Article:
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It’s never too late to be a teen.
That’s the phrase greeting visitors to Pat Mills’s personal website. A film studies alumnus from Ryerson, Mills grew up loving movies in the teen genre from the ’80s. Naturally, his own film’s subject matter progressed to involve high school-aged teens as well.
On Sept. 5, Mills made his feature film debut at the 2014 Toronto International Film Festival as a director, writer and lead actor in the dark comedy Guidance.
Mills plays David Gold, a washed-up former child star who lives paycheque to paycheque doing voice acting gigs. In a last-ditch attempt to avoid getting evicted, he fakes his resumé and poses as a high school guidance counsellor.
To put it mildly, Gold takes an unconventional approach to his new job – giving students advice on using coping mechanisms like booze, drugs and promiscuity. The school’s troubled teens begin to relate to him, but his methods raise the suspicions of teachers and administration.
Mills says his character is based on an alter ego he created of himself; he and his character were both child actors. Mills got his start in the television industry as an actor in the Canadian comedy series You Can’t Do That On Television, which also launched the performing career of Alanis Morissette and screenwriter Bill Prady, who has produced shows like The Big Bang Theory and Gilmore Girls.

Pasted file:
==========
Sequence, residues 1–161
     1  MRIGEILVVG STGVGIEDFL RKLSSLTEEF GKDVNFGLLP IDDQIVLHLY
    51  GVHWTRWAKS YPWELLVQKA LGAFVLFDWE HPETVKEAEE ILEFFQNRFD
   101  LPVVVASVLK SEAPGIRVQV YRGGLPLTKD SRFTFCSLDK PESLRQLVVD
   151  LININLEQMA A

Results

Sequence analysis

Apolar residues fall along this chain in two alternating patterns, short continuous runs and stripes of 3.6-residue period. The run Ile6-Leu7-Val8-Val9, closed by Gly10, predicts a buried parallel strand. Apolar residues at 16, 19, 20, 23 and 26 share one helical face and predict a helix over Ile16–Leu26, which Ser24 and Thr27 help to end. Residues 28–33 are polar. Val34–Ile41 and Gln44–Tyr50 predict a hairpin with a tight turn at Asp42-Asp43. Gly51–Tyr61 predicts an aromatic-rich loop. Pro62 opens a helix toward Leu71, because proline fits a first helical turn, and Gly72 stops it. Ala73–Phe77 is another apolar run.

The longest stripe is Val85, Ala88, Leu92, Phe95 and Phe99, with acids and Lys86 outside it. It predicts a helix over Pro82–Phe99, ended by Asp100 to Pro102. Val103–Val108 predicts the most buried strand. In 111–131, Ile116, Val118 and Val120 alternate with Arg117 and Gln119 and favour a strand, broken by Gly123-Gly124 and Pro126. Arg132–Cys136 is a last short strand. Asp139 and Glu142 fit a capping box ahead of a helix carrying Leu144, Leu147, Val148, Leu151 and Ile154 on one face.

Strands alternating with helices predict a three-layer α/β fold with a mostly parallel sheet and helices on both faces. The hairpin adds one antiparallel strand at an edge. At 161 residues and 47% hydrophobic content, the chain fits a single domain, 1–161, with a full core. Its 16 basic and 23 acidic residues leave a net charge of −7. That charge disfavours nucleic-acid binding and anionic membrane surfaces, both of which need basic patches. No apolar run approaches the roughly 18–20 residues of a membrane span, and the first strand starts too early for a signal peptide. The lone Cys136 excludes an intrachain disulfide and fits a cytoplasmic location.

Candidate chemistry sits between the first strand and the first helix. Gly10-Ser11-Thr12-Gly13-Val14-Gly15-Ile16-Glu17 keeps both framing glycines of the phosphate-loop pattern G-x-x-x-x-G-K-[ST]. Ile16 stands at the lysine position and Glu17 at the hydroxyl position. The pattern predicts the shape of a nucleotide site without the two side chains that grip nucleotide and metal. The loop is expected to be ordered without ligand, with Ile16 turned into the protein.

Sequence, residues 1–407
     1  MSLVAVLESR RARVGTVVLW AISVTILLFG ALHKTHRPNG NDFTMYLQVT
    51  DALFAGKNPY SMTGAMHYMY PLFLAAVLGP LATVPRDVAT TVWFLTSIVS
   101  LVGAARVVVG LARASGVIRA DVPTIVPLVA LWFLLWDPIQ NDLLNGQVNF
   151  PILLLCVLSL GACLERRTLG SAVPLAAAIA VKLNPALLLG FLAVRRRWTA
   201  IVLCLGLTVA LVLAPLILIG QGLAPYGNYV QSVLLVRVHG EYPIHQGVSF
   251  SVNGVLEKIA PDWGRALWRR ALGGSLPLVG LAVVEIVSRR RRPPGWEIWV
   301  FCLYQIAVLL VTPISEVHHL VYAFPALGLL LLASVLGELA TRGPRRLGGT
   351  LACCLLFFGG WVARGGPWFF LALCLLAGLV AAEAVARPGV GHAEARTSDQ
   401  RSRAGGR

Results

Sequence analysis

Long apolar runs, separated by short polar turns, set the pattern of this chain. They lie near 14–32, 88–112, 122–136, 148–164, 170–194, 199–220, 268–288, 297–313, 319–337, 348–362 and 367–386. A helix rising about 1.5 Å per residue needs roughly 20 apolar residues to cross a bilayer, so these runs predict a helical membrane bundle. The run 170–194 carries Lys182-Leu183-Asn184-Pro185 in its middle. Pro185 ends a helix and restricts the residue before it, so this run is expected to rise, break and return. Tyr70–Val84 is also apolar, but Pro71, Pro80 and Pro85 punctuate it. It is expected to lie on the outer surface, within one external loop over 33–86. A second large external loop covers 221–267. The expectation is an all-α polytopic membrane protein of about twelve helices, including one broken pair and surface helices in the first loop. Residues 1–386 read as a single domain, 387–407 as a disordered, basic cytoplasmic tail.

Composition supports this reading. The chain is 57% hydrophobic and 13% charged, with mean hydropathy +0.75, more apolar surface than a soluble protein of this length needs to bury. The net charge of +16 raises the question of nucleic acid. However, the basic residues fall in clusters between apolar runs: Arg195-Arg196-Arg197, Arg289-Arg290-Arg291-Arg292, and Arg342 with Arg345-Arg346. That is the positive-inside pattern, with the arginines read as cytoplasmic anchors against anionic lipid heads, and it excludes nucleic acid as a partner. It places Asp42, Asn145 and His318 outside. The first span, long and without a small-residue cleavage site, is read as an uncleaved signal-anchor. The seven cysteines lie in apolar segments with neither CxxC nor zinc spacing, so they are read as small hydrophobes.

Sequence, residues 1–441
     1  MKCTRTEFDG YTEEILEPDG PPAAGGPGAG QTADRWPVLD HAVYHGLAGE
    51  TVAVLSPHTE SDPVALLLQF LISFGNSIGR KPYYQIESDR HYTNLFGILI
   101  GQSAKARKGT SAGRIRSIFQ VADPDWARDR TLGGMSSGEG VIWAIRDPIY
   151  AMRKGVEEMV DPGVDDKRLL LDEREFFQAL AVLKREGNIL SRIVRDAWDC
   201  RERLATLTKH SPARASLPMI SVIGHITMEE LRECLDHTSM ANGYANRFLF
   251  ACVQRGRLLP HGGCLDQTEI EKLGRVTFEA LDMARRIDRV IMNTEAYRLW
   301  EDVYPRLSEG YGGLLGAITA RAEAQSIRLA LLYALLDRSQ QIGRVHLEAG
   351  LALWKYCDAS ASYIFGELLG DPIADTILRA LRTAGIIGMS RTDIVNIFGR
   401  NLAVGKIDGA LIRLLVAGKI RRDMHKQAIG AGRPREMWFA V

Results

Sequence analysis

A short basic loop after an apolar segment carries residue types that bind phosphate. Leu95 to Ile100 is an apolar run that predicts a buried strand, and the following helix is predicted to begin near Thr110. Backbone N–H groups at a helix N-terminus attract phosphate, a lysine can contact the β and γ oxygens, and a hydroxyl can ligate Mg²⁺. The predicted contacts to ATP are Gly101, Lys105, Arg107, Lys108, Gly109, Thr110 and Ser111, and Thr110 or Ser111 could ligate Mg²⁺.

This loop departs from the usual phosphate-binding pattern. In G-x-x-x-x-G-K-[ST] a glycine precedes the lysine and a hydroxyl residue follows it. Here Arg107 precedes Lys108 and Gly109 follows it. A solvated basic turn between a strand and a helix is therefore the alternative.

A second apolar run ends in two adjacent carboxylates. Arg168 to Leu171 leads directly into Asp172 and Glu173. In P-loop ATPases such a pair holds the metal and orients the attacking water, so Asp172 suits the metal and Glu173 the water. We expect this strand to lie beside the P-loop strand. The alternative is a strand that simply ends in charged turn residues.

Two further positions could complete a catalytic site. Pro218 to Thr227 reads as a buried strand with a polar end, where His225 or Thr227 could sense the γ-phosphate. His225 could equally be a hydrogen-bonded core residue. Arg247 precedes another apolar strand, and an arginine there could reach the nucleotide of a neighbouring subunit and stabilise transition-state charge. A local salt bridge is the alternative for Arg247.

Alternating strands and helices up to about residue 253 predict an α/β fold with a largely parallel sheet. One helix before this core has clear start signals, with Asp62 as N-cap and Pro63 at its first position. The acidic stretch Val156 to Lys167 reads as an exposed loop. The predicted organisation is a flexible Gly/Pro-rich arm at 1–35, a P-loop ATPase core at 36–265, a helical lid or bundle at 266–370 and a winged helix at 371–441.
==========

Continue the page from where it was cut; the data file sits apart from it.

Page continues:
Since then, Mills has focused his career less on acting and more on writing and directing. He made an exception for Guidance, when it became clear during the casting process that the role and sense of humour was so unique to him that his producers urged him to audition for his own movie.
It was a surreal experience, Mills says.
“Everyone had to approve me … and then we ended up doing it, but I hadn’t acted since 1991.”
It was a creative leap, and he says he learned from the experience as both an actor and a director, being able to interact with other actors and direct scenes from within.
His work on Guidance has already paid off, with the show selling out at its initial screenings on Friday and Saturday. Just before the film debut, his team signed with a distributor for a theatrical release in 2015 — a major win for an independent film, since many indie filmmakers can run into roadblocks.
“It’s really hard to secure financing, but it’s also really hard to sell it and get people to see it, because there’s so much content out there, whether it’s television, web, whatever,” said Mills.
“Having it play TIFF is really amazing, because we’re already getting press. It’s really great to get some attention with a little movie.”
Plus: Are you pursuing a career in the arts? Hear what advice Pat Mills has in this online exclusive video.